So much for regulatory common sense: The sad tale of the valley elderberry longhorn beetle continues


When Pacific Legal Foundation petitioned the United States Fish and Wildlife Service in September 2010 to delist the valley elderberry longhorn beetle from the list of regulated species under the Endangered Species Act, the agency faced a choice–would the Service be part of an ESA success story, act upon its own scientists’ recommendation, and formally recognize that the beetle is a recovered species that no longer require federal protection? Or would the Service instead sit on its hands, force Californians to continue to pay for unnecessary and outdated beetle mitigation measures, and evince a stronger interest in preserving its regulatory authority than in acting in accordance with science?

Unfortunately, the U.S. Fish and Wildlife Service has chosen the latter path.  Indeed, more than five years after its scientists concluded that the elderberry beetle is a recovered species, the Service’s 1980 listing of the beetle as a threatened species remains in place.  Sadly, the agency’s stalling tactics come at the cost of sensible flood control, private property rights, and downright common sense.

As a result, PLF was forced today to file its second lawsuit in a year over this species. Last year’s lawsuit concerned the Service’s delay in providing an initial response to our Sept. 2010 delisting petition.  And while the Service eventually responded by indicating that delisting of the elderberry beetle may be warranted (thereby mooting the 2011 litigation), the agency has done nothing since then, letting its statutory 12-month deadline for providing a final response to our Sept. 2010 delisting petition expire.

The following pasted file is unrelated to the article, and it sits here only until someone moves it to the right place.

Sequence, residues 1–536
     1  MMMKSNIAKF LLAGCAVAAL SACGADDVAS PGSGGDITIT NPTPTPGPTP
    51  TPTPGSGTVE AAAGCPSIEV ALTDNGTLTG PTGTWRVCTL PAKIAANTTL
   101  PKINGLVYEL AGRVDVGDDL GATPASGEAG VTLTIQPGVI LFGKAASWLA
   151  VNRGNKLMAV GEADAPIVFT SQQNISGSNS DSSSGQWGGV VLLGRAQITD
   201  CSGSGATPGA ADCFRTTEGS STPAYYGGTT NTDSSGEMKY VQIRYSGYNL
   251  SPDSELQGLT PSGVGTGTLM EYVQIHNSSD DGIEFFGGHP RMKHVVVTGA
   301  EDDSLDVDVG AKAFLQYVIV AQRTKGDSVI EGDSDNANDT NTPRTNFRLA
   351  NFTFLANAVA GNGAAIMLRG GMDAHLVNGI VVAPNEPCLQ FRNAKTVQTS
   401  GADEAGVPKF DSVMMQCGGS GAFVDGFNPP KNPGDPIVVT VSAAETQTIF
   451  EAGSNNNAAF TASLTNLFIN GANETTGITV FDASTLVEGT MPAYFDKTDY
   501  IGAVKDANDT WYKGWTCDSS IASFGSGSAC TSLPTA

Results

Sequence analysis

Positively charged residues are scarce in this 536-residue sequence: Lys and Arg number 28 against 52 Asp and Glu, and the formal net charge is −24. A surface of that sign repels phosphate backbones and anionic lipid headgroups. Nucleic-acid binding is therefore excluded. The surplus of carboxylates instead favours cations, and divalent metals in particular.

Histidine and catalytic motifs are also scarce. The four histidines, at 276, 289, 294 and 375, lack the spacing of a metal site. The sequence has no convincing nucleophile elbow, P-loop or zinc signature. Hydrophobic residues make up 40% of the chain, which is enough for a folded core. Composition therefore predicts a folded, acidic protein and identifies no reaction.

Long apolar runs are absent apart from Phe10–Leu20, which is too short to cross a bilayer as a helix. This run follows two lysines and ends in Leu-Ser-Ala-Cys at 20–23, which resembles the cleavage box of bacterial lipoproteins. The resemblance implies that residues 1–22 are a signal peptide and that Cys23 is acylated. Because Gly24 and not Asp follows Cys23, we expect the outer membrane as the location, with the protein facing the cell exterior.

Thus, today’s lawsuit asks the United States District Court for the Eastern District of California to compel the U.S. Fish and Wildlife Service to comply with the law and make the long-delayed final determination over the beetle’s regulatory status.  As we submit in our complaint, the Service’s refusal to indicate whether delisting is in fact warranted is plainly a violation of the ESA.

Lest the above doesn’t convince you that litigation is necessary to force the agency’s hand (and we wish it weren’t), note that the Service has promised time and again that a final delisting rule is in the works, with nothing to show.  The Service’s latest assurance took place last week, when the agency’s Regional Director, Ren Lohoefener, informed me by letter that “a draft 12-month finding has been prepared, is under review in the Service’s Regional Office, and should go to our Washington DC office very soon for their review.”

That Service personnel in D.C. have yet to review this draft is odd, considering that in 2009 the Service indicated that “[a] delisting rule is currently being reviewed by the Washington Office.”  It’s also worth bearing in mind that the Service (through the Interior Department) informed Rep. Dan Lungren in January 2010 that a final determination over the beetle’s regulatory status “has been identified as a high priority for FY 2010 and the Service anticipates making a decision on the appropriate status of the beetle within the year.”  And recall that when flood control officials expressed frustration over the beetle’s regulatory status, the Service told the Appeal-Democrat that a delisting plan would be available for the public’s review in 2010.  Of course, that didn’t happen.

In my opinion, the U.S. Fish and Wildlife Service’s failure to live up to its repeated promises over the elderberry beetle constitutes borderline deception, and I am at a loss to explain the agency’s stubborn refusal to delist this species.  Hopefully, however, this lawsuit will convince the Service to finally do what’s right and to formally recognize the species’ recovery.